Whether you are rewriting your URLs to make them more search engine friendly, rearranging your content or moving everything to a brand new domain, 301 redirects are the way to accomplish a smooth transition.
A 301 redirect is like a change of address card for search engines and browsers, telling them that the URL address they are looking for has permanently moved. Other types of redirects exist, but the 301 redirect is the only one that search engines consistently look upon favorably. They will see the change of address and treat the new page as if it was the old one.
Each search engine stores an index of every page it visits, and it questions the validity and authority of Web sites whose pages disappear without explanation. Links coming into the old URLs suddenly go nowhere. Those inbound links were bringing authority to your site as independent votes of confidence in your site, but if the page disappears so does the vote.
Missing pages bother both the human visitor and the search engine, because they cannot reliably find the information that was once there. Your visitors will likely leave your site when encountering a 404-not-found error. Search engines will see that your site is not delivering a good experience to searchers and will decrease your search result placement. A 301 redirect eliminates these issues.
Inbound links also pass along link juice, which is the amount of Page Rank that passes from the referring page to the linked page. If you have managed to get links from high Page Rank sites, you want to keep as much of that juice flowing as possible.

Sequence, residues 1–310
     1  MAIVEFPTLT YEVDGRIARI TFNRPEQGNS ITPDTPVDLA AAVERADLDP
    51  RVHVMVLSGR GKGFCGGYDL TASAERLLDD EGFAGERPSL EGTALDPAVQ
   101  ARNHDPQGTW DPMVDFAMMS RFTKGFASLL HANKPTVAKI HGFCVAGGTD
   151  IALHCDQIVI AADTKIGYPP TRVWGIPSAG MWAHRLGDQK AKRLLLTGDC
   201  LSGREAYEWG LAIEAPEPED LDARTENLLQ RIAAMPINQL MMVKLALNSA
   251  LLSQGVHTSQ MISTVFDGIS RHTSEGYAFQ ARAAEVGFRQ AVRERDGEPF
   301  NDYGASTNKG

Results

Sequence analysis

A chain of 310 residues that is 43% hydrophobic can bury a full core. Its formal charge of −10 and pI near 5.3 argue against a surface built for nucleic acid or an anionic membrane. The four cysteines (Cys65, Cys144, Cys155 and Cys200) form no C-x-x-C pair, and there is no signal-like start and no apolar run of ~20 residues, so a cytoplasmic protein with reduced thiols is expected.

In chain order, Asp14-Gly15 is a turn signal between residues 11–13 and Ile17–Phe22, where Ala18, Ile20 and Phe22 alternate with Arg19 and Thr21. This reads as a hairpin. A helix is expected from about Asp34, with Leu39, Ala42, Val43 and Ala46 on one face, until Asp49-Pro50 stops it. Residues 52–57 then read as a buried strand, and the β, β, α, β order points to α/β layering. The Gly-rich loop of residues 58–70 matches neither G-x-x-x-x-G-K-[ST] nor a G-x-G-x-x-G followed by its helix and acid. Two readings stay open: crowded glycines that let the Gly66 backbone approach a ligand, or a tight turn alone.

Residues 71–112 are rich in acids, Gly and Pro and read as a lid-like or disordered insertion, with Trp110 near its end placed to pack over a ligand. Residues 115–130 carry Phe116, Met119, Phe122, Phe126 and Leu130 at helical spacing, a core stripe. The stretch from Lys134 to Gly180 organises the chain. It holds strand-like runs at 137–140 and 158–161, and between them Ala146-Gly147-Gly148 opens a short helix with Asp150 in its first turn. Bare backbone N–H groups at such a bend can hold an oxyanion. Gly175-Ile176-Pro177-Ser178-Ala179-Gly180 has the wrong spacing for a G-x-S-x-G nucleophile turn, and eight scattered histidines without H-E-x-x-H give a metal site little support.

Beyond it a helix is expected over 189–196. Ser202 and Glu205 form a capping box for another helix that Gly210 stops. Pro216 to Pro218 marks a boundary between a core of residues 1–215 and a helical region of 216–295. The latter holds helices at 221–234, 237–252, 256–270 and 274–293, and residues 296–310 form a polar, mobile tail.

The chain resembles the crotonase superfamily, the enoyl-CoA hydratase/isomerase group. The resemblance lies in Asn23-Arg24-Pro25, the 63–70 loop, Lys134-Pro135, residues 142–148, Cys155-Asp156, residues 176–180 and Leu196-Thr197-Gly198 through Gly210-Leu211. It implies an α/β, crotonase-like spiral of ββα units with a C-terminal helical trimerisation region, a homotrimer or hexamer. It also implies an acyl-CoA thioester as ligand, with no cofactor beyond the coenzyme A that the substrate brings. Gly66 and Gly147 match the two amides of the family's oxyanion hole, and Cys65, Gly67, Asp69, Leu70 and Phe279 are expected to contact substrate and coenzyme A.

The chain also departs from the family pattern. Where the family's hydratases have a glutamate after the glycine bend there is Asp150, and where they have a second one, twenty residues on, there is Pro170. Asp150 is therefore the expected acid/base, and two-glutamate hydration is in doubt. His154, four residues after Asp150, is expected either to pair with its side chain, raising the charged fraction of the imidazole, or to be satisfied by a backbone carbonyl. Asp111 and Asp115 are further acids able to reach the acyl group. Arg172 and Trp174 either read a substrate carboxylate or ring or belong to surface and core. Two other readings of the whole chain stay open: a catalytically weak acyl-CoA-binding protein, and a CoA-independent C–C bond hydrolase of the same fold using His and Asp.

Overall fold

While you can, and should, build new links to the new page, the age of links also plays a role in how much juice and authority a given link provides. Older links are more valuable than new links, so you want to keep those established links. A 301 redirect keeps the link juice flowing.
Higher search result placement means higher traffic volume, so if the old page showed up in the top of search results a 301 redirect will help the new page to appear at the top. This does not happen immediately, and in the short term your ranking and traffic will suffer.
The search engines do not immediately connect the new page with the old rank. They will first find the new page and treat it as a new page with no authority. They will also notice that the old page with authority no longer exists. In much the same way that it takes time before the post office gets all mail rerouted to a new address, it takes time for the search engines to learn about a page’s new address. Once it does, traffic is restored and you do not have to build traffic from scratch.
In the end, a properly executed 301 redirect is one of the most useful tools you can use in any Web site redesign.